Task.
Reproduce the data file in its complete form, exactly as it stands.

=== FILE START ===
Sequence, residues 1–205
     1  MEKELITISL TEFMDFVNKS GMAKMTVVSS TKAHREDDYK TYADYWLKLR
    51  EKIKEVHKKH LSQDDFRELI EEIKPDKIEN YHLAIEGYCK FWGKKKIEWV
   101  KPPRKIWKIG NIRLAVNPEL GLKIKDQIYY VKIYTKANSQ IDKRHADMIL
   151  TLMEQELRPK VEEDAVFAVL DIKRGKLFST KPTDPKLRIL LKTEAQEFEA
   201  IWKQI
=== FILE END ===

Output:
Sequence, residues 1–205
     1  MEKELITISL TEFMDFVNKS GMAKMTVVSS TKAHREDDYK TYADYWLKLR
    51  EKIKEVHKKH LSQDDFRELI EEIKPDKIEN YHLAIEGYCK FWGKKKIEWV
   101  KPPRKIWKIG NIRLAVNPEL GLKIKDQIYY VKIYTKANSQ IDKRHADMIL
   151  TLMEQELRPK VEEDAVFAVL DIKRGKLFST KPTDPKLRIL LKTEAQEFEA
   201  IWKQI